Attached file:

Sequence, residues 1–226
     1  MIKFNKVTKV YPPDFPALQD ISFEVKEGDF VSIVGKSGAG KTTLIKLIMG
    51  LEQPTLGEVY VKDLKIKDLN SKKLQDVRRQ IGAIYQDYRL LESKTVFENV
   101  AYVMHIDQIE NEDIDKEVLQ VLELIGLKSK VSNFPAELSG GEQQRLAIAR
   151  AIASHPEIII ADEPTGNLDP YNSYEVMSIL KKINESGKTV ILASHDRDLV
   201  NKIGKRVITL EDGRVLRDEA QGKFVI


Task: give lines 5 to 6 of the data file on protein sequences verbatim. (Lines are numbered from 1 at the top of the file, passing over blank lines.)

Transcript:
   151  AIASHPEIII ADEPTGNLDP YNSYEVMSIL KKINESGKTV ILASHDRDLV
   201  NKIGKRVITL EDGRVLRDEA QGKFVI